Russell, Gillian, and Fara, Delia Graff. Routledge Companion to Philosophy of Language

2013, Routledge.

Abstract: Philosophy of language is the branch of philosophy that examines the nature of meaning, the relationship of language to reality, and the ways in which we use, learn, and understand language. This companion provides a comprehensive and up-to-date survey of the field, charting its key ideas and movements, and addressing contemporary research and enduring questions in the philosophy of language. Unique to this companion is clear coverage of research from the related disciplines of formal logic and linguistics, and discussion of the applications in metaphysics, epistemology, ethics and philosophy of mind. The book is divided into seven sections: Core Topics; Foundations of Semantics; Parts of Speech; Methodology; Logic for Philosophers of Language; Philosophy of Language for the Rest of Philosophy; and Historical Perspectives.

Comment: The first part of this book ('Core Topics') can be used as background reading for a general course in philosophy of language. The rest of the book includes more specialised articles, which can be used as background reading for specialized courses. Chapter 6, 'Philosophy of Language for the Rest of Philosophy', could be the core reading for a final section in a philosophy of language course focusing on the applicability of the philosophy of language for other areas of philosophy.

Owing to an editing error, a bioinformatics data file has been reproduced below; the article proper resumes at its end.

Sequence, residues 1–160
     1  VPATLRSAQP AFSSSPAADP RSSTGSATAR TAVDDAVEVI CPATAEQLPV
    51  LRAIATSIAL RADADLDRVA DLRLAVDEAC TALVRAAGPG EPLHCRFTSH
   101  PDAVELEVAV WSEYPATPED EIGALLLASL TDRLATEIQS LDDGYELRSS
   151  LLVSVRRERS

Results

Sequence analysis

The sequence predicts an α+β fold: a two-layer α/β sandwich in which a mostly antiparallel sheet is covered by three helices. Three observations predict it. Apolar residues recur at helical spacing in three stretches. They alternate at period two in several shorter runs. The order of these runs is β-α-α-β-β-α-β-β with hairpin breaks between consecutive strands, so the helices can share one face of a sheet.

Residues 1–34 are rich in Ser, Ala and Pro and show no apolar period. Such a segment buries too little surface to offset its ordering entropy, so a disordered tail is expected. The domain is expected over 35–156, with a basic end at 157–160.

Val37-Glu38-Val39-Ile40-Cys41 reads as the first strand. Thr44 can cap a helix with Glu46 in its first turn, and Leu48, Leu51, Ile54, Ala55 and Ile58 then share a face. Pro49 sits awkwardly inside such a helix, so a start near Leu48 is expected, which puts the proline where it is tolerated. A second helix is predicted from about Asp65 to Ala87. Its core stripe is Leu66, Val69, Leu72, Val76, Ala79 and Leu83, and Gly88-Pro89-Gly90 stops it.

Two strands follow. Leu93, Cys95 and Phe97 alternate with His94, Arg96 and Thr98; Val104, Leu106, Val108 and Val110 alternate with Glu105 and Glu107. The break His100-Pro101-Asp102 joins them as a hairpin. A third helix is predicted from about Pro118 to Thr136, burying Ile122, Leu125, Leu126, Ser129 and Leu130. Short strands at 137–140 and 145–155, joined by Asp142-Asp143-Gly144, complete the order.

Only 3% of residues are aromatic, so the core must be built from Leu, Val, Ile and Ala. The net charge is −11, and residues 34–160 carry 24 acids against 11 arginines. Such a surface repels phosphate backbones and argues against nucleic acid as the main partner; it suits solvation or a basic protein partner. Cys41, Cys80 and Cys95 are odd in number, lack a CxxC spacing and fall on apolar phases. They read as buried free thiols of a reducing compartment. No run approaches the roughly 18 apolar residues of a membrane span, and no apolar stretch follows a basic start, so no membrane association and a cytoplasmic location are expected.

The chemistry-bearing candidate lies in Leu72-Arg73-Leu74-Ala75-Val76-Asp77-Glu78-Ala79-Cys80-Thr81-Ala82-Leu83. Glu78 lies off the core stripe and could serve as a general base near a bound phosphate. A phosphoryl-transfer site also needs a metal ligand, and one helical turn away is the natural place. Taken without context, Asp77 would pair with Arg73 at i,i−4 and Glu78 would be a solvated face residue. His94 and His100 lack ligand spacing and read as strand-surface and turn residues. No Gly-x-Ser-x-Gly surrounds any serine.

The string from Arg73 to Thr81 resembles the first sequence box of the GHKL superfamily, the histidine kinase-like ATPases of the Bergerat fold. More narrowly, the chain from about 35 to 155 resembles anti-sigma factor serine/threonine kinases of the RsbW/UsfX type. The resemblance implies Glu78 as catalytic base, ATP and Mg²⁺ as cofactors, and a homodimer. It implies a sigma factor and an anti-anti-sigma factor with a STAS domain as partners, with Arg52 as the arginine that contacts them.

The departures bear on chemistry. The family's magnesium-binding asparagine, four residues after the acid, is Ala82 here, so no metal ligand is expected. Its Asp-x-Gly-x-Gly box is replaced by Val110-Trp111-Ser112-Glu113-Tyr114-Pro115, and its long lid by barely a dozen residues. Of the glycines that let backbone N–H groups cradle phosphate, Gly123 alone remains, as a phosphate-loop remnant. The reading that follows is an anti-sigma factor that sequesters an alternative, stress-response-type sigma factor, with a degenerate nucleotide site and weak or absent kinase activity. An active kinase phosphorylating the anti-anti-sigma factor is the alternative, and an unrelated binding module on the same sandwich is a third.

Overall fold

Wetzel, Linda, and . Types and Tokens: On Abstract Objects

2009, MIT Press.

Publisher’s Note: There is a widely recognized but infrequently discussed distinction between the spatiotemporal furniture of the world (tokens) and the types of which they are instances. Words come in both types and tokens – for example, there is only one word type ‘the’ but there are numerous tokens of it on this page – as do symphonies, bears, chess games, and many other types of things. In this book, Linda Wetzel examines the distinction between types and tokens and argues that types exist (as abstract objects, since they lack a unique spatiotemporal location). Wetzel demonstrates the ubiquity of references to (and quantifications over) types in science and ordinary language; types have to be reckoned with, and cannot simply be swept under the rug. Wetzel argues that there are such things as types by undermining the epistemological arguments against abstract objects and offering extended original arguments demonstrating the failure of nominalistic attempts to paraphrase away such references to (and quantifications over) types. She then focuses on the relation between types and their tokens, especially for words, showing for the first time that there is nothing that all tokens of a type need have in common other than being tokens of that type. Finally, she considers an often-overlooked problem for realism having to do with types occurring in other types (such as words in a sentence) and proposes an important and original solution, extending her discussion from words and expressions to other types that structurally involve other types (flags and stars and stripes; molecules and atoms; sonatas and notes).

Comment: The book, or extracts from the book, could be used in advanced undergraduate or postgraduate courses on metaphysics, nominalism or philosophy of language. Chapter 2 of the book provides a clear account of the ways Quine and Frege thought about ontological commitment and language. Chapters 3-5 are also useful for students who want to understand nominalism better, though more recent nominalist strategies, such as the kinds of fictionalism developed by Mark Balaguer and Mary Leng, are not addressed.